In the past few years, the number of EdTech startups in India has gone up quite significantly. It’s also equally true that a large number of EdTech startups are closing down every other day within a few months of operation. The use of technology in education has become almost a necessity these days. And, the importance of technology in education cannot be denied. However, many education technology companies seem to be failing in implementing the right strategies.
Opportunities in the Indian Education Industry
The Indian education industry has immense potential. It is still an unstructured market segment. On an average, the purchasing power of Indians is also improving. With changing times, the thought flow of parents has also shifted. Now they do not hesitate to pay a good amount for the education of their children. Well, these are the few opportunities that many EdTech startups in India are exploring. With opportunities come the challenges. Businesses which can deal with them emerge out as the winners.
EdTech entrepreneurs know well about the importance of technology in education in India. The country has made significant positive strides in the field of technology. Businesses related to education has therefore risen exponentially giving space for the education startups in India.
EdTech startups operating in India are based on different business models. Online classes, webinars, skill testing and online test preparations are becoming popular. Although these modes of education are gaining acceptance among the masses, still some of the startups in the education space failed to become productive. In this post, we have listed down the probable reasons for the failures.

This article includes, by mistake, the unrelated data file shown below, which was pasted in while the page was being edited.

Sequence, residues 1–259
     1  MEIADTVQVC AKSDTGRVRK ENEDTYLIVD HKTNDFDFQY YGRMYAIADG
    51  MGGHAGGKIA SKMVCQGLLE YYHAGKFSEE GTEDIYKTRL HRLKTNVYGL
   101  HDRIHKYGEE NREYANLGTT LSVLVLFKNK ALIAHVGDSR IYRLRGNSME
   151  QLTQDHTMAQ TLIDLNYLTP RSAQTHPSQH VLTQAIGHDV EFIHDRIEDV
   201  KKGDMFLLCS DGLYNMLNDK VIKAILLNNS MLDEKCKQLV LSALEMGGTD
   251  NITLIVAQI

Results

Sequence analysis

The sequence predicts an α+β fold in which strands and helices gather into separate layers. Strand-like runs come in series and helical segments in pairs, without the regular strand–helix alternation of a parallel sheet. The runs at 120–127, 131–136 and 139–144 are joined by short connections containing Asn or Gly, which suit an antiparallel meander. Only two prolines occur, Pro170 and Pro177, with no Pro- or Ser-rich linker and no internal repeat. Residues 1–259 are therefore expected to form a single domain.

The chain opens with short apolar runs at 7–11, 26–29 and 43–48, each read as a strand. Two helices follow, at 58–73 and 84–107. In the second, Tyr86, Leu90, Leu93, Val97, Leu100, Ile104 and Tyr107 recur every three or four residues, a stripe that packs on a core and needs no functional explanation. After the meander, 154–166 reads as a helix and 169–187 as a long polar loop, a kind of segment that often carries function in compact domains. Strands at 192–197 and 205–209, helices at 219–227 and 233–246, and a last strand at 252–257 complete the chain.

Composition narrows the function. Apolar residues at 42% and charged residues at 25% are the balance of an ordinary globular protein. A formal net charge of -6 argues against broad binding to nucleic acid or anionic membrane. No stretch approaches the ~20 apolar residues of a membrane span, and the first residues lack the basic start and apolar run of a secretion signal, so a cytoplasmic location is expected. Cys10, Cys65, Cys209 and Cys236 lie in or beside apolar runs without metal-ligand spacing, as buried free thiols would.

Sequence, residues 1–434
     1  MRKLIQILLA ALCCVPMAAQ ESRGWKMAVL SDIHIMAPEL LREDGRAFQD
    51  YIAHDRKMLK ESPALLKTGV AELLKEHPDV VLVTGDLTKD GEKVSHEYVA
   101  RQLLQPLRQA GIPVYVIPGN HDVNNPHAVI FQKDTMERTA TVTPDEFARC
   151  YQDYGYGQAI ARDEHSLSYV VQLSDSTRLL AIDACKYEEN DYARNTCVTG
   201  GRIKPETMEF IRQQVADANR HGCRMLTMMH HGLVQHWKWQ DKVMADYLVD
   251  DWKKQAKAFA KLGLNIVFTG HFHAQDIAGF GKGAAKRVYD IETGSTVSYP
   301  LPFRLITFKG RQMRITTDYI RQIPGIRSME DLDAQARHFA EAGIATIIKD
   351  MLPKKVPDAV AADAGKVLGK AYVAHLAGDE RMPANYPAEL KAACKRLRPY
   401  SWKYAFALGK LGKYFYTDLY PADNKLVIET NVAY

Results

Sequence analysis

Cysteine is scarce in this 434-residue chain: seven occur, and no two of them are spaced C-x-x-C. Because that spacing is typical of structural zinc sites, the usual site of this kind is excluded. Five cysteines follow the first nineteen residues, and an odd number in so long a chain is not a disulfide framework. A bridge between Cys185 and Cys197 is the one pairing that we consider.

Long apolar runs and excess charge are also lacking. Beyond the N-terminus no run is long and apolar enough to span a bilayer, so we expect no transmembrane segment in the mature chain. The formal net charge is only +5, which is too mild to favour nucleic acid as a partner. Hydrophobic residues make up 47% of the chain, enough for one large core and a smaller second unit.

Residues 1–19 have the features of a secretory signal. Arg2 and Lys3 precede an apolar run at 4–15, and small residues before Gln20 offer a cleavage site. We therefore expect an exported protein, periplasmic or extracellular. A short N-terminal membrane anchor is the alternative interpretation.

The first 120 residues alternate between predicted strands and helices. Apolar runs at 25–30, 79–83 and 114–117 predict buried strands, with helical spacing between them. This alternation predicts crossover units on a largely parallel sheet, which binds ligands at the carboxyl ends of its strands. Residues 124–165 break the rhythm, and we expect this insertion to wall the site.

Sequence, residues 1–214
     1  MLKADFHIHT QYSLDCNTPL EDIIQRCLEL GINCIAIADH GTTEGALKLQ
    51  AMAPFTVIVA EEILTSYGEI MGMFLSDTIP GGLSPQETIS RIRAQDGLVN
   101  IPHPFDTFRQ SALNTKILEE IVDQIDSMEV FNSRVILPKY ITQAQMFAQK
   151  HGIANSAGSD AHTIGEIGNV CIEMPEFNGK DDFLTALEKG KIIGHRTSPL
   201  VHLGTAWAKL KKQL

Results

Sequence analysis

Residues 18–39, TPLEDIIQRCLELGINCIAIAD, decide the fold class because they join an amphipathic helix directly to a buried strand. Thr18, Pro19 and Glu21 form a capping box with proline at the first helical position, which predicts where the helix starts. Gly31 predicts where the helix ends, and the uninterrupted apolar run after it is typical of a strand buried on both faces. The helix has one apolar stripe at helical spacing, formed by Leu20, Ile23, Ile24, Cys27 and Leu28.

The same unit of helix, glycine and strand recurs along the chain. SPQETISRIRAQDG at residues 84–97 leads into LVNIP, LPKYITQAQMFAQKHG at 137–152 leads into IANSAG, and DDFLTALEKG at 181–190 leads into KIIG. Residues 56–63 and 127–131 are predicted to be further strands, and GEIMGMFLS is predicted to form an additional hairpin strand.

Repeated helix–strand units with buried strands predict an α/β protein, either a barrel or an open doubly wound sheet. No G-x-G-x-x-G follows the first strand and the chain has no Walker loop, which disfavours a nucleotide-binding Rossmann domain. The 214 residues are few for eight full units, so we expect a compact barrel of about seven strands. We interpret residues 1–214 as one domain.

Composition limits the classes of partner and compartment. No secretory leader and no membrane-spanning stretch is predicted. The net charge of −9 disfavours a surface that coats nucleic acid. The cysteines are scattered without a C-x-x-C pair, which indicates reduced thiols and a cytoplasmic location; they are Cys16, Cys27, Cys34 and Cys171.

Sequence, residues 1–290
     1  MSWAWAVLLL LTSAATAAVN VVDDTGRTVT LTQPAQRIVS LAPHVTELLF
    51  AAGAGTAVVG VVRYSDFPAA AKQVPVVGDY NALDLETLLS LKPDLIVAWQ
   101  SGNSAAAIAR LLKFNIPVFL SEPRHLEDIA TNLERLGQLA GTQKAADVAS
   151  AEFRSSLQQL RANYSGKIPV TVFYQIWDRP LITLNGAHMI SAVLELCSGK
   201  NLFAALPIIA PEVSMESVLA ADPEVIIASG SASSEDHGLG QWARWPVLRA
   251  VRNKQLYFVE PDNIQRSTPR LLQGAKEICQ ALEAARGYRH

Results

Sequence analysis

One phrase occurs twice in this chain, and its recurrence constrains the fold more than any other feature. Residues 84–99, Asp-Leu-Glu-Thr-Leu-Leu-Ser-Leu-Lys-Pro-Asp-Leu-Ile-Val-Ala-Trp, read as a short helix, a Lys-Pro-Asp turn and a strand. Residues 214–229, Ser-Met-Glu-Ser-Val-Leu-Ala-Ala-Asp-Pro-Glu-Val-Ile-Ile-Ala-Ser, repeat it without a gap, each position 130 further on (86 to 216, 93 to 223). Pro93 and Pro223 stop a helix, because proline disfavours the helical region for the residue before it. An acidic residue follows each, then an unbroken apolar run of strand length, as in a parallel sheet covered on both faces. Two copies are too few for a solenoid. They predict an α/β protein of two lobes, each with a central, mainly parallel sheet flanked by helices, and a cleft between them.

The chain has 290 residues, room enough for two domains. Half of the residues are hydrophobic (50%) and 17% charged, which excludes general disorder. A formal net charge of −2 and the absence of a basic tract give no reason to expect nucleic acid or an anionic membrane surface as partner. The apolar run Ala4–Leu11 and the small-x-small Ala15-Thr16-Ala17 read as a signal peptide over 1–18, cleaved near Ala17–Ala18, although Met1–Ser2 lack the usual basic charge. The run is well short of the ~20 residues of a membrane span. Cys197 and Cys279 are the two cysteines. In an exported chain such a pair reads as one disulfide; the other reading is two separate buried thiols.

Reasons why many EdTech startups in India failed to become productive
Inexperience of the EdTech startup founders in the education industry
This is perhaps one of the most important reasons that is leading to the closure of many EdTech startups in India. People venturing into this space having no knowledge about the education industry often has to taste failure. The education industry is a diversified market. Inexperienced entrepreneurs often find it difficult to assess the market size. They tend to build learning products and technologies. They burn their savings and investments of their investors to create them. And when they fail to build a productive revenue channel, they move out of the education industry. Such entrepreneurs often don’t have managerial skills and a Plan B for survival because of lack of knowledge on the functioning of the education industry. Experienced EdTech entrepreneurs always keep a strong Plan B for survival. When that fails they work on an exit plan that can help them minimize losses.
Hiring the wrong teachers
An online tutoring EdTech startup largely depends on the quality of its teachers. If that doesn’t happen, failure is inevitable. Just think of an instance – a teacher specialized in Physics teaching English! Yes, this actually happens in many education startups. The core team responsible for the hiring process often avoids performing a strict background check of the teachers that they hire.